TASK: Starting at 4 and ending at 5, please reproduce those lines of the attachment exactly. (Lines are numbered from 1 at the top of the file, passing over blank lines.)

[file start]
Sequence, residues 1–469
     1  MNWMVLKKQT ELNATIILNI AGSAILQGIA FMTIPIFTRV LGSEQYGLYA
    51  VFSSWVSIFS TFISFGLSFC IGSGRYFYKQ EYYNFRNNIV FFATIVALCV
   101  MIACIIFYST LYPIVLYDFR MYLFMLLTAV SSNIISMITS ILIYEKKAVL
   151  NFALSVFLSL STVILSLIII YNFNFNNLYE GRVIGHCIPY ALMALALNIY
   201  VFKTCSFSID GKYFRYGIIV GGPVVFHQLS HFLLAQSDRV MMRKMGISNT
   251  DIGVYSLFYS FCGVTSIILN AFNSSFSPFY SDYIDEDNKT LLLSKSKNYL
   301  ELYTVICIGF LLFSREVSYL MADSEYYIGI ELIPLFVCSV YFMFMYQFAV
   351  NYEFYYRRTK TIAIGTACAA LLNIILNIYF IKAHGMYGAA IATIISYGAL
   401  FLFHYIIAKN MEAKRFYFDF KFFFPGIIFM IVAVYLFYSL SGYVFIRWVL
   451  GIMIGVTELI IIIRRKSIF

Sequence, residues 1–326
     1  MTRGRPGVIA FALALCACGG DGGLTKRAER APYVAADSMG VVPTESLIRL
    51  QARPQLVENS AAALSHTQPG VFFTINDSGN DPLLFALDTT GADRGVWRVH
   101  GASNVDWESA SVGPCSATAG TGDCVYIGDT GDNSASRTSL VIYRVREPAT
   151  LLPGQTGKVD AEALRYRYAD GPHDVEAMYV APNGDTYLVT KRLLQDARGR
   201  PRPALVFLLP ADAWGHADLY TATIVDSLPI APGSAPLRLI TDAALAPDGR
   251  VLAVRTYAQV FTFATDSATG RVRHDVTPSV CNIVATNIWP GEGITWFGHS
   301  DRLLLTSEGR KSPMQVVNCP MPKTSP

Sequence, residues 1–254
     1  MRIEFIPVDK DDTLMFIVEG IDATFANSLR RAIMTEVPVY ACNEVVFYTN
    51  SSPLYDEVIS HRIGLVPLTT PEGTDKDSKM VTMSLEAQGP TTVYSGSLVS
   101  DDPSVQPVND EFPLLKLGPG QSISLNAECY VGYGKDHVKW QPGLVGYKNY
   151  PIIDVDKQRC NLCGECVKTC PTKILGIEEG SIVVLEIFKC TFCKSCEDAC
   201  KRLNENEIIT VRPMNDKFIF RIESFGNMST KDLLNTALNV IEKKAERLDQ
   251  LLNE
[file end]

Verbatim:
   101  MIACIIFYST LYPIVLYDFR MYLFMLLTAV SSNIISMITS ILIYEKKAVL
   151  NFALSVFLSL STVILSLIII YNFNFNNLYE GRVIGHCIPY ALMALALNIY